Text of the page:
To see an overview of courses available from LINGOs, listed by topic and by Developer/Partner click here.

When thinking about developing custom, or bespoke, courses, remember the eLearning Global Giveback Competition, through which you may be able to work with a volunteer instructional designer or eLearning developer to transform your existing content into eLearning.

Upcoming blog posts will address how to build awareness of the learning program with a communications plan, and how to identify learning liaisons and power users in the field.

 Ruth Kustoff is a learning strategist with 20 years experience. She works with organizations to develop and integrate talent solutions, including adult learning, elearning, and training programs. Her expertise includes organizational performance, project management, and information and knowledge sharing.

Ruth is a member of the LINGOs Group on LinkedIn and can respond to general learning strategy questions there. She is also available for consultation for issues specific to an individual organization.

LINGOs Community Grateful for Highly Skilled Volunteers

By Eric Berg, Executive Director, LINGOs

 One of the founding principles of LINGOs was to provide a community of like-minded individuals who could come together to make learning experiences more accessible to staff and partners working in the developing world.  Our members are a large part of that community, our private sector partners who contribute their products and services with the goal of enhancing Learning Where it Really Matters are also part of that community. A third and essential part of the LINGOs community are our volunteers. In honor of National Volunteer Appreciation week and on behalf of all LINGOs members I want to express our gratitude for the volunteers who not only have served LINGOs in the past year, but also those who have volunteered through LINGOs directly with our member organizations.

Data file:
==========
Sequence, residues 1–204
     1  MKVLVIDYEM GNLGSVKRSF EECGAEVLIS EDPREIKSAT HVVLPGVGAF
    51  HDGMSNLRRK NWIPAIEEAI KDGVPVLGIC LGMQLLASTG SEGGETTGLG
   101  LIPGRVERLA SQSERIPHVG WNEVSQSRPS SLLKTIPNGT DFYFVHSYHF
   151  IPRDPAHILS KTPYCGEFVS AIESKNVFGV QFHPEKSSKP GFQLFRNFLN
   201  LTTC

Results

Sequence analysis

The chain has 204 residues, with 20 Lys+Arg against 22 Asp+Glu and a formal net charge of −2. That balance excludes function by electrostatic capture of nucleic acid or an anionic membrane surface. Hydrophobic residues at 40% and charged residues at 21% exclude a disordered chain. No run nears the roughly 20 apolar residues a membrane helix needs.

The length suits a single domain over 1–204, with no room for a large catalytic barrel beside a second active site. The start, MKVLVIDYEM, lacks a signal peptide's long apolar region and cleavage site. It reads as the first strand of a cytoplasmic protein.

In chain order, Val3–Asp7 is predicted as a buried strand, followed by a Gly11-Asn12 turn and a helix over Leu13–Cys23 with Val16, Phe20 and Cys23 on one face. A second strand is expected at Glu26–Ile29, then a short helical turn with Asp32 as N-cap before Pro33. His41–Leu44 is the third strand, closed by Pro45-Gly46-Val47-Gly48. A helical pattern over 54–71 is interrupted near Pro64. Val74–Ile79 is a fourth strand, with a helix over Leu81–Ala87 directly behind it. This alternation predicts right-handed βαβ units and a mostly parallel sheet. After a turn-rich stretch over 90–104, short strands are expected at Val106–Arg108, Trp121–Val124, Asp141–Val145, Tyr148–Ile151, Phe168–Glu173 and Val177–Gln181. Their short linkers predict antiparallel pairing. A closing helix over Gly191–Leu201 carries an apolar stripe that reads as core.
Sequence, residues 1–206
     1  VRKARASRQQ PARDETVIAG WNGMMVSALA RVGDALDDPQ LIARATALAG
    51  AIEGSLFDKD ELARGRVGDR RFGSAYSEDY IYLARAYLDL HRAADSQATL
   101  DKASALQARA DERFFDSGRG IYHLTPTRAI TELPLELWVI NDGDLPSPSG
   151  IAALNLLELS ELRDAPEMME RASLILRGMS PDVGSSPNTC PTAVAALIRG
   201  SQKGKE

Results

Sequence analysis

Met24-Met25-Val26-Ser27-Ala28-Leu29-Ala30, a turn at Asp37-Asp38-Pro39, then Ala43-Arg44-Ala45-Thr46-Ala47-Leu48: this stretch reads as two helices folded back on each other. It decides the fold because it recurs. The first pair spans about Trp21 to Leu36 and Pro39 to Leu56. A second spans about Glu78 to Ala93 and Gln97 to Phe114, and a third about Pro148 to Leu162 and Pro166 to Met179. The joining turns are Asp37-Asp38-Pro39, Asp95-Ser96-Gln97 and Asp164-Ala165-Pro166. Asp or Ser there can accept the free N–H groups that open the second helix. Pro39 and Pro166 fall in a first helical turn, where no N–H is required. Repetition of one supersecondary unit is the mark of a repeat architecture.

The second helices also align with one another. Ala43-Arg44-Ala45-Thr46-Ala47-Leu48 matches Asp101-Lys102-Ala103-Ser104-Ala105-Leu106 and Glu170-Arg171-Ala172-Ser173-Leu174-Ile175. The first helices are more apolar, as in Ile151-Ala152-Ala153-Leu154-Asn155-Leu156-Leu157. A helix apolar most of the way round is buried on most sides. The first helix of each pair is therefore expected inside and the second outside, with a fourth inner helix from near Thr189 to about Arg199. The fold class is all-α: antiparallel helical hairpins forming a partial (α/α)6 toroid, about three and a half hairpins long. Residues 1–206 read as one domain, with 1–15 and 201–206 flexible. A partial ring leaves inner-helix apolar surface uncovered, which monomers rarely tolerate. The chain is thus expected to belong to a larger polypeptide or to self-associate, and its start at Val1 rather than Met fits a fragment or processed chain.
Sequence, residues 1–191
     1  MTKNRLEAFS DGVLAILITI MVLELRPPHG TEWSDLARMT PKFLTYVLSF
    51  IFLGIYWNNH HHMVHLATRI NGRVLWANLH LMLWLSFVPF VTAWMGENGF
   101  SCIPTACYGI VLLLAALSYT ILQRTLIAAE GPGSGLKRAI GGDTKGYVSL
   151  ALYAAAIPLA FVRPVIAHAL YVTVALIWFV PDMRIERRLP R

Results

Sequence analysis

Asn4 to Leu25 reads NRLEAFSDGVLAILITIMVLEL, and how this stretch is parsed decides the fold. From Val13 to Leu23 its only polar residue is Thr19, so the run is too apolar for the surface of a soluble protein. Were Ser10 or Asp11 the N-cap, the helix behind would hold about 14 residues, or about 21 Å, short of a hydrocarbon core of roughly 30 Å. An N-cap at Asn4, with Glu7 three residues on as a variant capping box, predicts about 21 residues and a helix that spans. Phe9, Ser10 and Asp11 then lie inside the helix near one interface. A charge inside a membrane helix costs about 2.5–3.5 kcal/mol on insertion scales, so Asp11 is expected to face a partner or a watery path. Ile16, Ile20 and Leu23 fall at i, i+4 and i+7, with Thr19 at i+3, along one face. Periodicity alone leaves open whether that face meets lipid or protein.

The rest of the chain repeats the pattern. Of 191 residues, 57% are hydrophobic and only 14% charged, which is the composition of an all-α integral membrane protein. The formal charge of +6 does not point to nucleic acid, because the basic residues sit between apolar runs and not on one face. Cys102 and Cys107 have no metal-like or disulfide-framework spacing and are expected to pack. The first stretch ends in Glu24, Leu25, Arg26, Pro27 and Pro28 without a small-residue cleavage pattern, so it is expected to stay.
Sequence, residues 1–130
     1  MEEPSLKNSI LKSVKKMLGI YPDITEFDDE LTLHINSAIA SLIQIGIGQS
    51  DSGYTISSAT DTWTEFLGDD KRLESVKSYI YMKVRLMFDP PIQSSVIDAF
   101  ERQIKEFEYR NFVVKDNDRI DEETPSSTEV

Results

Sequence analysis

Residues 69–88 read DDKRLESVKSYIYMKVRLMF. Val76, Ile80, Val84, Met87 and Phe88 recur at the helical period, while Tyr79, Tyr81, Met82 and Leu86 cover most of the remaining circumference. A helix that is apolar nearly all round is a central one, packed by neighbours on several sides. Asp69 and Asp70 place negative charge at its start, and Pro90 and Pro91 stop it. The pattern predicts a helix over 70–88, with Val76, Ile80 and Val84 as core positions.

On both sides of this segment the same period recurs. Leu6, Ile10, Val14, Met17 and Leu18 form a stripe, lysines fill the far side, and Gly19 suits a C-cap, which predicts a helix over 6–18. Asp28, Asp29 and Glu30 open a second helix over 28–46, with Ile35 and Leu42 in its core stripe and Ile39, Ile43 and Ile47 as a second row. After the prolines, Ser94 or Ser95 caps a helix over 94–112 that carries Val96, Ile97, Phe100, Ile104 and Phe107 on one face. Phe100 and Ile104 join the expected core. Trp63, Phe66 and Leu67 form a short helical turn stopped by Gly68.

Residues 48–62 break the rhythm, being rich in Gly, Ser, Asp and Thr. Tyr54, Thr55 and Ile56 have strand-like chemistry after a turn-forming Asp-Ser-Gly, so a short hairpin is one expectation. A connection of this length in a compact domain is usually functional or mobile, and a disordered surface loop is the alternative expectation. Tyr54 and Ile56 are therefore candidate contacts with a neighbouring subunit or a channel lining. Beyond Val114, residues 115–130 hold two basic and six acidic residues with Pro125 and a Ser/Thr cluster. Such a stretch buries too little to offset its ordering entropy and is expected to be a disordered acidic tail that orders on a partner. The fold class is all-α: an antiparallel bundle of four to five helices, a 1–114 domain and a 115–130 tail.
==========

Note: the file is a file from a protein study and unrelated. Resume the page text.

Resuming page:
One of the unique characteristics of LINGOs volunteers is they are able to use their highest skills to contribute to the work of LINGOs and its members. In the past, volunteers were often asked to do tasks that needed to be done like answering phones, processing mail and all kinds of physical labor. However, these were not tasks that exploited the unique professional skills that many volunteers often brought to the work.  While occasionally someone with accounting or legal or marketing skills were used in those areas, for the most part, volunteers simply were viewed as surplus labor.

The volunteers we speak with are eager to be a part of the work LINGOs and its members do in the developing world to build the skills of field-based staff. While most are not able to take time off and travel to these far-away places, they would still like to know that their contribution is making a difference in the field. Fortunately, there is much that needs to be done that can be completed remotely without ever leaving home or office.